Bio-based glue may replace formaldehyde-containing adhesives in wood constructionMarie Donlon | August 30, 2022
To replace the harmful adhesives used in wood construction, researchers from Aalto University in Finland have developed a bio-based adhesive composed of lignin.
Lignin — a structural component of wood and a by-product of the pulp industry — is being eyed as a replacement for current wood construction adhesives that contain formaldehyde, which is a colorless, potentially harmful gas featured in building materials like particleboard, plywood, and fiberboard; glues and adhesives; permanent-press fabrics; paper product coatings; and some insulation materials.
According to the Aalto team, lignin is the component that binds cellulose and hemicellulose together, giving wood its tough, strong structure. Because it is produced in substantial quantities in the pulp and bioprocessing industry, it is plentiful for other applications, including as an adhesive.
Aalto University researchers used purified kraft lignin in the making of the new adhesive and demonstrated that the chemical reaction to make the adhesive takes just a few minutes versus the 10 hours it takes to manufacture other adhesives. Further, additional heating of lignin is not needed as is the case with the materials used in the making of current adhesives, thereby reducing energy consumption.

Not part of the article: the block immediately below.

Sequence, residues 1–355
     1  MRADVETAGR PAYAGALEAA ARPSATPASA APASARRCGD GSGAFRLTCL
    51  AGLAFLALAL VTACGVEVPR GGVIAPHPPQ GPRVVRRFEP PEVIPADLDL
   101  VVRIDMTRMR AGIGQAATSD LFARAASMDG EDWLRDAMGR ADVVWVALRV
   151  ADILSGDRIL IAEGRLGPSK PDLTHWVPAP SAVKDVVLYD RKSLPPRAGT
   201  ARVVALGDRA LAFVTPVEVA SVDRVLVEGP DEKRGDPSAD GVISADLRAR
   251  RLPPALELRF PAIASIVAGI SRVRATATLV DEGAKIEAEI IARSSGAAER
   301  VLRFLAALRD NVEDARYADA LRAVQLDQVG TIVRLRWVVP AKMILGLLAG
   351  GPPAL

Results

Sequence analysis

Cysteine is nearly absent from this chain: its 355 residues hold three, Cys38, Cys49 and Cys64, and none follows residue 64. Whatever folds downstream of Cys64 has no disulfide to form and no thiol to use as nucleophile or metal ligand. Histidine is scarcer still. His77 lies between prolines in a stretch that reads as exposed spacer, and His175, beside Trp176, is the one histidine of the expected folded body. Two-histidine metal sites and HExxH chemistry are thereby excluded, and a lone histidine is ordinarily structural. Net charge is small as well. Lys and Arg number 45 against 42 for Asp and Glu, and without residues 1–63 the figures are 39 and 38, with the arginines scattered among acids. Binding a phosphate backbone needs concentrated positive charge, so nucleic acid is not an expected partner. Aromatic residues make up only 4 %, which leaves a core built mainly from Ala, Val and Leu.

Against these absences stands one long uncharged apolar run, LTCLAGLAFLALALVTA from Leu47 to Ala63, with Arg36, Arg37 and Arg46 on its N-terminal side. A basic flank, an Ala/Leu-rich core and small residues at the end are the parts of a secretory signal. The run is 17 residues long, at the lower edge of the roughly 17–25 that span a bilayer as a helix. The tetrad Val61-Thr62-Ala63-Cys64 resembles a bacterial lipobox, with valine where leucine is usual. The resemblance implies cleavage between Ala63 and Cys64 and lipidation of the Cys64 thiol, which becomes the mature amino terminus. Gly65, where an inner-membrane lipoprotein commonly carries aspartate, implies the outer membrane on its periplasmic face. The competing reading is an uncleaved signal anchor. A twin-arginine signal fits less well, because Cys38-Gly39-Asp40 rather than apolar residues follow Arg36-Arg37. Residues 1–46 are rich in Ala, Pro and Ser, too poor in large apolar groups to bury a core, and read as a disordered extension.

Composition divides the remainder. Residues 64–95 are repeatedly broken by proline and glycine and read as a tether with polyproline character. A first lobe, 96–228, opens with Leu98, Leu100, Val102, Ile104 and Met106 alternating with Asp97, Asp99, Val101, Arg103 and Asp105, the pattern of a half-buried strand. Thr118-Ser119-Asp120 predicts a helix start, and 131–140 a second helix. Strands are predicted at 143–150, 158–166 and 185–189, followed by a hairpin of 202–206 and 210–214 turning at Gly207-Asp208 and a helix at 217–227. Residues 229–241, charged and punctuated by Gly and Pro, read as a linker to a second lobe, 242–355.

The new adhesive, according to the researchers, contains 90% lignin versus previous lignin-based adhesives that feature just 20% to 50% lignin.
In addition to being a potentially healthier and more carbon-friendly alternative for adhesives used in the manufacture of wood construction materials, the adhesive is strong and non-toxic, and protects surfaces from fire, so it also shows promise as a flame retardant.
The article detailing the bio-based glue, Interfacial catalysis and lignin nanoparticles for strong fire- and water-resistant composite adhesives, appears in the journal Green Chemistry.